Though Anse\'s wife, Addie, is given only one monologue, her presence, even in death, dominates the novel. Born and raised in Jefferson, her father taught her that the purpose of living is to prepare for death. Her parents were dead and she was teaching school when she met Anse. She married him--\"I took Anse,\" she said--in hopes of making the sort of intense, violent contact with another person that would give her life meaning.
Anse couldn ... mehr
Cash, at 29 or 30 Addie\'s oldest son, is a carpenter. His name is short for Cassius. His mother loved him, and he returns that love, painstakingly crafting her coffin outside her window in the opening scenes. A recognizable country type, his unexpected responses--to pain, for example, and to a question about the height of his fall from a church roof--are a source of humor. At the end of the book, his insights into the family relationships and Da ... mehr
Jewel, Addie\'s son by Whitfield, is 18 years old. Like Pearl, the product of Hester Prynne\'s adulterous affair in Nathaniel Hawthorne\'s novel The Scarlet Letter, Jewel\'s name is a symbol of the value his mother places on him. The favoritism that Addie showed him is responsible for the antagonism between him and Darl.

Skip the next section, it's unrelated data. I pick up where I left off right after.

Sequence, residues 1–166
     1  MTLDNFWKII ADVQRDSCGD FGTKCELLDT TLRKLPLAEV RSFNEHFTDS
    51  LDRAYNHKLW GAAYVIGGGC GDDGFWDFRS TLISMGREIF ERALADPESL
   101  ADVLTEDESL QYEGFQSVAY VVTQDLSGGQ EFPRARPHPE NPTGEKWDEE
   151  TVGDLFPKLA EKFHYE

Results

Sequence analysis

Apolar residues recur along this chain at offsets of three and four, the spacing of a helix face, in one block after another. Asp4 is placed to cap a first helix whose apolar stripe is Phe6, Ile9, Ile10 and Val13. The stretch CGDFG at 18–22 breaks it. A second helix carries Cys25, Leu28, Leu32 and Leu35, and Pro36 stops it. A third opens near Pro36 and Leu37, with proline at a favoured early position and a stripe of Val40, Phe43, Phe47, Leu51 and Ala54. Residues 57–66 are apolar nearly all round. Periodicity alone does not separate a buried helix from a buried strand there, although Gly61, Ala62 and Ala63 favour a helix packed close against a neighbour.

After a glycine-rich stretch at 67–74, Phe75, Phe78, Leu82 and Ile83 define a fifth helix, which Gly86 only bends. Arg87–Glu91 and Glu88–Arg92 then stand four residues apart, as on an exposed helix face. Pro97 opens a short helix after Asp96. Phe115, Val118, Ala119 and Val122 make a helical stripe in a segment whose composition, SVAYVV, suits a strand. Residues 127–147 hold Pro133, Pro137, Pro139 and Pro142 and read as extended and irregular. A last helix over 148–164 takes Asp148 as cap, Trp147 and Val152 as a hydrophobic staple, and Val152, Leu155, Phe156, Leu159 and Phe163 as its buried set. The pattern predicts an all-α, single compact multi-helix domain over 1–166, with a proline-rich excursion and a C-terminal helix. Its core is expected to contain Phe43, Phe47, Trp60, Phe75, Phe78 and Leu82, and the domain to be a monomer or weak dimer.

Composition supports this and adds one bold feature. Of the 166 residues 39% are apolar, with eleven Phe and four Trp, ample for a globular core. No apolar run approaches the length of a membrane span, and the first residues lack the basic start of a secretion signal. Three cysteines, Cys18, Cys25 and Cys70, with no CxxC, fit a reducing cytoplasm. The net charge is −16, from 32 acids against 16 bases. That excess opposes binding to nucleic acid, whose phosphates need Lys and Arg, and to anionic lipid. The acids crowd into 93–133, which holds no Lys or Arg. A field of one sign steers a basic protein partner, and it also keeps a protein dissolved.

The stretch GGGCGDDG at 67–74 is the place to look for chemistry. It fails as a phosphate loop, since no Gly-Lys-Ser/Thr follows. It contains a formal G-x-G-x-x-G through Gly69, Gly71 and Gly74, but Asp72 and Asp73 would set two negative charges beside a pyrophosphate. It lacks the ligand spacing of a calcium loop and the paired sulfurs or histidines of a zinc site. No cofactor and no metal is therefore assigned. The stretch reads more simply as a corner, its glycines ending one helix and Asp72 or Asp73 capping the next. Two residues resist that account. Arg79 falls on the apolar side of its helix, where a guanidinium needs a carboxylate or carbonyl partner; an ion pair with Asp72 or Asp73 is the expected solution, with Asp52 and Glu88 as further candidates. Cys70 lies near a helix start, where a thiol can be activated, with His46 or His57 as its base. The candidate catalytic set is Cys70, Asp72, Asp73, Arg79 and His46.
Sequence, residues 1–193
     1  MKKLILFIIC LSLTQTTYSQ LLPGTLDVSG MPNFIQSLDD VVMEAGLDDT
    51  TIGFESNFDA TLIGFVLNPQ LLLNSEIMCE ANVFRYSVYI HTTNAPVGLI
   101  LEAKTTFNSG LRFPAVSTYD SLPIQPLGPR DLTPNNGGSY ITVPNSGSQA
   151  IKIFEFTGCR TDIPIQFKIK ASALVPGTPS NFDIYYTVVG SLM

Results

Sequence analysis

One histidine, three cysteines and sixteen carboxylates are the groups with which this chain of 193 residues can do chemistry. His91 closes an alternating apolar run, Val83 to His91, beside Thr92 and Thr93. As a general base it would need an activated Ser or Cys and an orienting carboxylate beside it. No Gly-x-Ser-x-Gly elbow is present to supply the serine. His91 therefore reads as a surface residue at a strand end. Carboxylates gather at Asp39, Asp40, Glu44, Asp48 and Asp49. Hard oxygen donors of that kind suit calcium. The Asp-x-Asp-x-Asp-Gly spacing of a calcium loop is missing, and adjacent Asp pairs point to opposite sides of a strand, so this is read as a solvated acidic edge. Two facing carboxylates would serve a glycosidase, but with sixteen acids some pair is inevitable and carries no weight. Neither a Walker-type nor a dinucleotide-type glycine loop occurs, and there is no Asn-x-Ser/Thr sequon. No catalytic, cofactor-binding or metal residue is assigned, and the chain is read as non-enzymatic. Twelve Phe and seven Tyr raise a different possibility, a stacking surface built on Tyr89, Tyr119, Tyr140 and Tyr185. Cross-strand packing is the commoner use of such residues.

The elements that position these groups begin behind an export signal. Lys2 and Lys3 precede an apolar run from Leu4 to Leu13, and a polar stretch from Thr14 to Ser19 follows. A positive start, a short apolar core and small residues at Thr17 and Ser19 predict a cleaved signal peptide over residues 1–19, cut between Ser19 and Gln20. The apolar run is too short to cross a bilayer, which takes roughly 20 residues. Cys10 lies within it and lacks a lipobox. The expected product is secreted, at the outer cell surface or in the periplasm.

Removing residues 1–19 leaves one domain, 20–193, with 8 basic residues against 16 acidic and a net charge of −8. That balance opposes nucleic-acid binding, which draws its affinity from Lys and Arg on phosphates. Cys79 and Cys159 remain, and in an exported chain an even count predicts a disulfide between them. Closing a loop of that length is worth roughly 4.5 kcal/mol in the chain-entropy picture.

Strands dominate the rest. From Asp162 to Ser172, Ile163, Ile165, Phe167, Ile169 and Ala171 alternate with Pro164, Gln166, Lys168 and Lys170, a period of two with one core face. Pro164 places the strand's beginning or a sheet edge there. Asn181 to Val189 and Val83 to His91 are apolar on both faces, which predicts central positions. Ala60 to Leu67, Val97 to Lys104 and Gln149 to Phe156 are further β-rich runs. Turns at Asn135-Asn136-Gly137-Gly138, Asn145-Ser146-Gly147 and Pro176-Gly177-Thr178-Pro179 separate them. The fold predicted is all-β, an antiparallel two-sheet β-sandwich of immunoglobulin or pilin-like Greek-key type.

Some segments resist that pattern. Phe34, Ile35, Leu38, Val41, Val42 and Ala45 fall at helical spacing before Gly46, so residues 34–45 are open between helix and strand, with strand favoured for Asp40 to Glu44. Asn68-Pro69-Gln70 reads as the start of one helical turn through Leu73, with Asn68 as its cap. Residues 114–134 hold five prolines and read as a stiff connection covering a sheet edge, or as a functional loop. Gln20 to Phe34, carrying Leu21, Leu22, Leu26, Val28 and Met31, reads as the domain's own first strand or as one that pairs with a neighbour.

A blend of inarticulateness and action, Jewel personifies Addie\'s preference for experience over words. He is always in m ... mehr
As I Lay Dying takes place in or just outside Yoknapatawpha County, the \"apocryphal kingdom\" in northern Mississippi where 15 of Faulkner\'s 19 novels are set. Faulkner never disguised the fact that he modeled Yoknapatawpha after his own Lafayette County, where he lived for most of his life. Jefferson, Yoknapatawpha\'s county seat, is much like Oxford, Faulkner\'s hometown.
Yoknapatawpha is sparsely populated. Faulkner once put its populat ... mehr
Here is a list of the major themes that readers have found in As I Lay Dying. You will have a chance to explore them further in the section-by-section discussion of the novel. Some of these themes are contradictory. It is up to you to sort out those you think are valid from those you think invalid.
1. DEATH SHAPES LIFE
Addie, in death, motivates the living. She causes her family to bear the struggle of the Journey to Jefferson. Her differ ... mehr
Faulkner is a difficult writer. His style--the way he expresses things--is often closer to poetry than to prose. Like a poet, he tries to capture the emotion of an experience as well as the experience itself.
Faulkner deliberately withholds meaning to keep his options open, to keep his story in motion. In the opening section, for instance, he describes an odd competition between Darl and Jewel but never tells you whether it really is a compe ... mehr
As I Lay Dying is made up of a succession of first-person narratives, with the action seen and interpreted by fifteen characters. The narrators are subjective--they convey their own feelings and thoughts as well as report the action. None of them is detached from the action for long.